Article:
Big Evilcorps

There was a time where I wanted to work at a big tech megacorp. 6 digits paychecks, a good employee package, respect, a good line on the resume, and important challenges to solve. A "Dream Job".

Then I read about what's a typical day at Google/Facebook/Apple/[insert relevant company] and I wasn't so excited anymore.

Then I watched Mr. Robot and the question of ethics came out.

I wanted to rebel, I wanted to become a counter-power with a strong moral compass.

Startups appeared as the antithesis of the typical evilcorp. At first.

After co-founding one and going through an incubator, I understood 99% of the 10% surviving startups are fated to become evil: to grow too big for the sake of their users, or to be acquired by a megacorp.

Startup founders are no rebels, they are destined to feed the vicious circle of venture capitalism.

We live in a tightly-coupled system where everything is linked: there is no living independently from big corporations.

I am tempted to say "only the strong survive", from a purely Darwinian perspective, but it's incorrect: only the really big or the really small strive. Humans cohabiting with bacterias.

One might argue indie businesses are different from VC-backed startups in this regard. Not true. Any service you use is somehow linked to a global country-sized company: you depend on Google for SEO, or Amazon for infrastructure, or Apple for the iOS app market, etc.

When you buy from a business you participate in the growth of its partners. It's especially true for B2B and B2B2C businesses.

How to break free from big corporations to become truly independent then? Is it even possible to be free? These are questions worth living for.

You might be tempted to try changing things from the inside. It's a pretty naïve statement I often hear. The reason why it doesn't work is pretty simple: companies are no democracy. An individual going through a particular environment for a long stretch of time always ends up molded by it, even unconsciously. Decisions are taken by those who lead, and reaching the top of the ladder is a matter of amoral politics, not the result of a strong ethic driven by virtue and wisdom.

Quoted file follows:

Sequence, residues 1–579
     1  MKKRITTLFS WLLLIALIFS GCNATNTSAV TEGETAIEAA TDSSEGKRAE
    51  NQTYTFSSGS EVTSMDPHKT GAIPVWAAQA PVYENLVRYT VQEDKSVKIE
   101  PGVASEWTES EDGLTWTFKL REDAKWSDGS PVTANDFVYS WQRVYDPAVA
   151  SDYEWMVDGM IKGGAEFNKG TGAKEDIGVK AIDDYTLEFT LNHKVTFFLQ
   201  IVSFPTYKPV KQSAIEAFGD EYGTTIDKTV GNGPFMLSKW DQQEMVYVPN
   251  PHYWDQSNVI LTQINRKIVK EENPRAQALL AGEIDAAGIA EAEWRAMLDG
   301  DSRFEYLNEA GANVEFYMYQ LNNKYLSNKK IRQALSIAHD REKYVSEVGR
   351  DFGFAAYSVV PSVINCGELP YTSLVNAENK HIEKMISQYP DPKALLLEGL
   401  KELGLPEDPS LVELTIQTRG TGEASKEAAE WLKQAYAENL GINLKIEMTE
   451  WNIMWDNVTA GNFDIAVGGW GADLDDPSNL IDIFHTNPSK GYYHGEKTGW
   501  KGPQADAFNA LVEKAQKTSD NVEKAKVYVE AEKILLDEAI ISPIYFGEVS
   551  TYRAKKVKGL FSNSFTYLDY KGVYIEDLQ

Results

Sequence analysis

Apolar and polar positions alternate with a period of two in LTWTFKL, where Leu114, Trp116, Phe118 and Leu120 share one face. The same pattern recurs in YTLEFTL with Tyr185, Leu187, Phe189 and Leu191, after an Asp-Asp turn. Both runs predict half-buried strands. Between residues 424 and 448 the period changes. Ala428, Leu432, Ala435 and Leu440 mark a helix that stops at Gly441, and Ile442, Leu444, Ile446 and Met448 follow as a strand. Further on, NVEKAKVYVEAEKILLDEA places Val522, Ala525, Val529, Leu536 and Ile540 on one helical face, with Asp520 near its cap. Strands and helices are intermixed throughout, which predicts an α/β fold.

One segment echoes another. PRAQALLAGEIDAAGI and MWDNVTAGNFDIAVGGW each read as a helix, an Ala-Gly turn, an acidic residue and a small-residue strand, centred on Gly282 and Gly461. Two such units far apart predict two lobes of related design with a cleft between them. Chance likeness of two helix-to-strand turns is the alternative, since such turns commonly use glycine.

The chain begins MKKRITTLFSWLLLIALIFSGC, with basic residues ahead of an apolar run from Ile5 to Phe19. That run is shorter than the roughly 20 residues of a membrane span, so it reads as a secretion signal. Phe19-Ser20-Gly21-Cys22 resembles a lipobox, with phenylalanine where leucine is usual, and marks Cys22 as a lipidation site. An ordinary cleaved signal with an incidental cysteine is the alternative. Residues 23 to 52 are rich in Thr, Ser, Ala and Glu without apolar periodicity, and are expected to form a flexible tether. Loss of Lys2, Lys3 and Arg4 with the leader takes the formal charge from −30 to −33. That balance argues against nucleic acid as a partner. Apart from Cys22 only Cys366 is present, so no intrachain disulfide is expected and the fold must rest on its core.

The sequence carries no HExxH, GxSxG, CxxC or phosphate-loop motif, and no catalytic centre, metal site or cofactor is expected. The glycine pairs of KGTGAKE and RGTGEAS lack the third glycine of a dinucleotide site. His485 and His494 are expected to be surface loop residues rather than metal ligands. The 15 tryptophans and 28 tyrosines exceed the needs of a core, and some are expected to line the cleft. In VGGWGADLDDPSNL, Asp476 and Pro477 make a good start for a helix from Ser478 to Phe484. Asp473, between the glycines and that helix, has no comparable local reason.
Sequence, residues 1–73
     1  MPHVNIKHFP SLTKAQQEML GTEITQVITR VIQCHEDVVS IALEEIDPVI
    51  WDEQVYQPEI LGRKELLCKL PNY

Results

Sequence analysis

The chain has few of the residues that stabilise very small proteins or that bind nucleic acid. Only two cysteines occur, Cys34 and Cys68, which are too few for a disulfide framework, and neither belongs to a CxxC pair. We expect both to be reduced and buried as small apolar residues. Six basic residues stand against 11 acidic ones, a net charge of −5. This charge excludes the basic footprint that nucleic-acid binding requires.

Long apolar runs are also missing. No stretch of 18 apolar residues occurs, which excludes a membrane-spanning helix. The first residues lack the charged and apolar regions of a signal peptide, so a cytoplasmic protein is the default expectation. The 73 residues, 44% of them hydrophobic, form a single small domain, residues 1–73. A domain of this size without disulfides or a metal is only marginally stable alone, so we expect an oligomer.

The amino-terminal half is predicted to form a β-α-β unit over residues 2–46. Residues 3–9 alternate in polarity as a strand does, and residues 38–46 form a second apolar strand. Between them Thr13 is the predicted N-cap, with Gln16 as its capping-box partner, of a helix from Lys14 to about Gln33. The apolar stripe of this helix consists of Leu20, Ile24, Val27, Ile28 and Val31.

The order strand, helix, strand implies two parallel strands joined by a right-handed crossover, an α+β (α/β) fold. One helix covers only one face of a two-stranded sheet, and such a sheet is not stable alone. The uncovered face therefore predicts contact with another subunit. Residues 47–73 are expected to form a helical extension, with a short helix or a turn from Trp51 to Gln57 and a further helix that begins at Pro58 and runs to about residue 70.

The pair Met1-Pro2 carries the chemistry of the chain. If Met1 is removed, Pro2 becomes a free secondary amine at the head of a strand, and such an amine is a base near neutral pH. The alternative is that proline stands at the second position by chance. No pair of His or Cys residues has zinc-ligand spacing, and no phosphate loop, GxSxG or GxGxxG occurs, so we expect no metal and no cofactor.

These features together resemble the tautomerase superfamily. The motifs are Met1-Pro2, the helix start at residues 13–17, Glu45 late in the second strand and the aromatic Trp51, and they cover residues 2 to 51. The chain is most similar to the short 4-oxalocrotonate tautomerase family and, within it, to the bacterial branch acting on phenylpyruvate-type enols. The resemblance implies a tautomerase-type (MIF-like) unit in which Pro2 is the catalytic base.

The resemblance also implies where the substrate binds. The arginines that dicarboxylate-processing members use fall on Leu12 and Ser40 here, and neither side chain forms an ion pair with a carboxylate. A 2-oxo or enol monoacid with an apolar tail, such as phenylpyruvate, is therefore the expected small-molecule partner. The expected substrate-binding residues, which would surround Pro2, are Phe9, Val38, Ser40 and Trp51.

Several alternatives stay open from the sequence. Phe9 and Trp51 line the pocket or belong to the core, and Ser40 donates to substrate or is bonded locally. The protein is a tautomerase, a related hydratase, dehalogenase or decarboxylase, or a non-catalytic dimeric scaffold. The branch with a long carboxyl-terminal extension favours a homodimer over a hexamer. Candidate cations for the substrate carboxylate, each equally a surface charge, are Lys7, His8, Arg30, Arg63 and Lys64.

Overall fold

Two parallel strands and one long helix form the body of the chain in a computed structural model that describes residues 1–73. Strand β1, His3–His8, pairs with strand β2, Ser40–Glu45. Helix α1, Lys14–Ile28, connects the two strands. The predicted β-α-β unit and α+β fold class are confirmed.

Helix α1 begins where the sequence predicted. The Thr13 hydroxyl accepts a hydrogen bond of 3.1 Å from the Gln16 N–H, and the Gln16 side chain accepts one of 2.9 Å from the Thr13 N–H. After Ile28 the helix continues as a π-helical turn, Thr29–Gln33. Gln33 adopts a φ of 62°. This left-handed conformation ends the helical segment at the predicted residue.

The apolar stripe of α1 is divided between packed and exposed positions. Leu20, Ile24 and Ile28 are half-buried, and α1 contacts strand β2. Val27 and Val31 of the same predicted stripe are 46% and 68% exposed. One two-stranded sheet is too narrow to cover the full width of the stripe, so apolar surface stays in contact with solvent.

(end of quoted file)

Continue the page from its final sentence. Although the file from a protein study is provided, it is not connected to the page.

There is only one way to be truly independent, it's called self-sufficiency.

Being indie from the start is impossible, it's a constant effort. Self-sufficiency is the result of a maker mindset: the will and the ability to do things yourself with others.

You can be self-sufficient by yourself or in a community. All that matters is agreeing on a common set of actionable values: privacy-first, openness, collaboration, etc. - considering carefully the business partners who will accompany you on your journey is of utter importance.

The more you grow, the pickier you can become when it comes to taking business decisions. You can develop more features in-house, and the quest for mastery always pushes you to improve and know more of what matters to fulfill your business needs.

Making a business is political. You need leverage. You need real customers who will help you to help them. Financial independence is indeed a central concept in self-sufficiency. I don't think you can consider yourself independent when all your actions are driven by the need to please your investors. Investors can also be real customers, but they are incredibly rare and need to share your values, which is why it's more of a matter of fate to meet the right ones. Looking for investors for the sake of raising funds is a dead-end: ramen profitability must drive the founders from the start to create a sustainable business. Then the right investors will come to you, not the other way around, and you will have the leverage to keep your vision in check.

An indie product is a garden taking time and patience.

Is it even possible to reach self-sufficiency? Ironically, I think mega-corporations show us it is, to a certain level. Contracts should never prevail over laws, and companies are always required to submit to countries. There is no living outside society. On the other hand, you can consider Apple or Google to be self-sufficient from a purely economical point of view. Apple doesn't need Google to sell iPhones, it has enough leverage to attract others to their organization.

to be edited and continued another day...